People v. Watson was a 1981 California Supreme Court case that established that DUI drivers can be charged with murder.
People v. Watson is an important California Supreme Court case which determined that DUI drivers can, under certain circumstances, be charged with second-degree murder if they caused an accident that took a life.
The case started with an accident in the early morning of January 3, 1979. Robert Watson had been drinking beer at a bar and then left to drive home in his car. On the way, he narrowly avoided one accident when he went through a red light, then left the scene at high speed. At the next intersection he slammed into the back of a small car. When Watson struck the other car, two people were thrown from the vehicle. Two people died.
Watson’s speed at the time of the collision was estimated between 55 mph and 70 mph, in an area where the speed limit was 35 mph. His blood alcohol content (BAC) a half hour after the accident was 0.23%, nearly three times the legal limit. Given these factors and his extraordinarily reckless driving, the prosecutors in the case decided to charge him with murder.
At the time, murder was not a normal charge for a DUI death. DUI deaths are normally prosecuted as vehicular manslaughter, which carries less severe penalties. The difference between manslaughter and murder, in layman’s terms, is that murder is generally intentional whereas manslaughter is accidentally killing someone while doing something you should not have done.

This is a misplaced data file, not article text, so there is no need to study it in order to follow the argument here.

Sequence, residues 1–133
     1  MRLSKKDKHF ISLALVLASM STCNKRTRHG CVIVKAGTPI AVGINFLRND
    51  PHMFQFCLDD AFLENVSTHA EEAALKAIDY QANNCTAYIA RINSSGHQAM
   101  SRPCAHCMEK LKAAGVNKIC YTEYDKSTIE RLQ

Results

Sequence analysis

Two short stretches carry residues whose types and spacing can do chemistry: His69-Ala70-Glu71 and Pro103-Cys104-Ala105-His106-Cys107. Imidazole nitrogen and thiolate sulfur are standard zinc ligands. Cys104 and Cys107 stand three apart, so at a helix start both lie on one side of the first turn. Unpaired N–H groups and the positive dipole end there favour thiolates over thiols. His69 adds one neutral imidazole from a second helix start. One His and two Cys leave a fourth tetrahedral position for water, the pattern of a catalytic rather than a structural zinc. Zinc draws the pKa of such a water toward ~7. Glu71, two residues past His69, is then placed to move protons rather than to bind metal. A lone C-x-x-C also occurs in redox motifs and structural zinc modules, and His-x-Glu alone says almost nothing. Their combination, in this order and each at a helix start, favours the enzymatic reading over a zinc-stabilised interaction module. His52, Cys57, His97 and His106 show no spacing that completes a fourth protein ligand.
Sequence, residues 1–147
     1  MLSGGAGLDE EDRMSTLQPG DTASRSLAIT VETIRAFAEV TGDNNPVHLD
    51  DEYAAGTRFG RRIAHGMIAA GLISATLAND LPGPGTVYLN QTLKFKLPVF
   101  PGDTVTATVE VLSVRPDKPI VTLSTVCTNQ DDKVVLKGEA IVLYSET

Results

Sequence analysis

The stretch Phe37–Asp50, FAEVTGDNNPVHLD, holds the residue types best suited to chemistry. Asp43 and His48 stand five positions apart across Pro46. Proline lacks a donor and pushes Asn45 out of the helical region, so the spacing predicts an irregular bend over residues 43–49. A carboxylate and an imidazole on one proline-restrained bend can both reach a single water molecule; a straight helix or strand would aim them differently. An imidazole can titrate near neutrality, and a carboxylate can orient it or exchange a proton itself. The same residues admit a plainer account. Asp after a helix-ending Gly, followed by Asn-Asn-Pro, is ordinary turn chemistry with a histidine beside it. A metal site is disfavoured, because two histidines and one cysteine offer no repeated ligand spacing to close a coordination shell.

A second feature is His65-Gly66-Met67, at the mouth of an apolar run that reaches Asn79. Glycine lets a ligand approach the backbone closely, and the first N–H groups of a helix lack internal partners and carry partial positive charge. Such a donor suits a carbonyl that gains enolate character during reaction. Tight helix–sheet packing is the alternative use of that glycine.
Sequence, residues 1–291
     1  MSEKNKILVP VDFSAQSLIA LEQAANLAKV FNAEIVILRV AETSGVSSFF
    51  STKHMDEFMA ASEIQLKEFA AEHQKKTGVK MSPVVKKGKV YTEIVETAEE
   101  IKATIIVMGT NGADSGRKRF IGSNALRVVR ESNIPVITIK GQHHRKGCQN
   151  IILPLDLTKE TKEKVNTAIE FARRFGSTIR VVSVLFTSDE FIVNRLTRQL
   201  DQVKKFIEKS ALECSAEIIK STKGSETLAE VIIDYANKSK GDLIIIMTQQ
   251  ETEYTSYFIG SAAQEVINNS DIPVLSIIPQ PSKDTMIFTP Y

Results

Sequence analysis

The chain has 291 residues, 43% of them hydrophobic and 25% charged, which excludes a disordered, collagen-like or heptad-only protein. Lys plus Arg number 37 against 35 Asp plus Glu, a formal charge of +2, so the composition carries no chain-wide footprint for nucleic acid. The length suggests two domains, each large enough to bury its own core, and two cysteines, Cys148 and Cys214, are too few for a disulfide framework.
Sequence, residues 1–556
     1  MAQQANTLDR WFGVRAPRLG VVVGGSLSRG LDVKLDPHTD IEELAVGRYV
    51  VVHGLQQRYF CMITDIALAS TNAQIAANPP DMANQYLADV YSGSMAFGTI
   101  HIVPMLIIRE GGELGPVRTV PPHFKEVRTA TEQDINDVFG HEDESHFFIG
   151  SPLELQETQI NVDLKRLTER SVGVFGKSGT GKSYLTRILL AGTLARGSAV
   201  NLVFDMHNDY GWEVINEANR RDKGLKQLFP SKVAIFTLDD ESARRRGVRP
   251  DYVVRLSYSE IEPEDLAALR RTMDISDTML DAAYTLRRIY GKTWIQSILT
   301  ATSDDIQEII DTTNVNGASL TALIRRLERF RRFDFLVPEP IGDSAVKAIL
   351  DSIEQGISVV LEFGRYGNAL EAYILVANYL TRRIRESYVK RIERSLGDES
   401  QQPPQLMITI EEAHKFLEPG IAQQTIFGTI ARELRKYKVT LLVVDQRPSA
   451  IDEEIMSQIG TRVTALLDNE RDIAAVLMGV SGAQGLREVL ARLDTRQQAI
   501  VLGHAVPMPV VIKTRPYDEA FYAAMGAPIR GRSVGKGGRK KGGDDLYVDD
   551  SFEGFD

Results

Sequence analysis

Because the murder charges were unheard of, Watson’s defense team requested that the judge dismiss them. Eventually, this matter went all the way to the state Supreme Court. In 1981, the Court heard the case and agreed that Watson could be charged with murder.
As a result of this decision, other DUI defendants in California can also be charged with murder under some circumstances.
Why is an accidental DUI death “murder”?
Murder does not simply mean taking a life. In the eyes of the law, it means you did something that resulted in a person dying, and that you did it in a state of mind known as “malice aforethought.” Malice aforethought means that you knew in advance that you could hurt or kill someone, and you didn’t care—you didn’t let that stop you from doing it.
The malice in a DUI murder case is known as implied malice. Implied malice doesn’t mean you set out to explicitly hurt someone. It means that your actions implied a wanton and conscious disregard for human life. In other words, you knew you could kill someone and you did it anyway.
Invoking implied malice for a DUI death is extremely controversial. However, because of the California Supreme Court’s decision in People v. Watson, prosecutors can and sometimes do choose to do it. To prove their case, however, they have to prove not only that your actions implied malice, but also that you knew the risk that DUI driving poses to other people. This is why first-time DUI offenders are asked to sign a Watson advisement.
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